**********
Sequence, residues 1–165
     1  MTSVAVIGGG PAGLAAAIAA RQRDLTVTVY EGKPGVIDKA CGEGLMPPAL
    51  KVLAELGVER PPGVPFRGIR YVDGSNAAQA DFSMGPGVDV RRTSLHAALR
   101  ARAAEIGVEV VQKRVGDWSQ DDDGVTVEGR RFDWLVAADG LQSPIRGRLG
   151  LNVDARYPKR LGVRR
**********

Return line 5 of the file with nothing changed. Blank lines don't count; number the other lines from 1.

   151  LNVDARYPKR LGVRR